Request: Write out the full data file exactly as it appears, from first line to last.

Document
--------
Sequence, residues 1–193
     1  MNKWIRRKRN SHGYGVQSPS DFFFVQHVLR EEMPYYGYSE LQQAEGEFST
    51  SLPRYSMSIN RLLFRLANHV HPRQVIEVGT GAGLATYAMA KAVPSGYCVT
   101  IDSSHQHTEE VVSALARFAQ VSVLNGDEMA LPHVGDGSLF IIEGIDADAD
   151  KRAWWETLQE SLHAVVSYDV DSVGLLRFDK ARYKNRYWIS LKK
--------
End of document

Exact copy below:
Sequence, residues 1–193
     1  MNKWIRRKRN SHGYGVQSPS DFFFVQHVLR EEMPYYGYSE LQQAEGEFST
    51  SLPRYSMSIN RLLFRLANHV HPRQVIEVGT GAGLATYAMA KAVPSGYCVT
   101  IDSSHQHTEE VVSALARFAQ VSVLNGDEMA LPHVGDGSLF IIEGIDADAD
   151  KRAWWETLQE SLHAVVSYDV DSVGLLRFDK ARYKNRYWIS LKK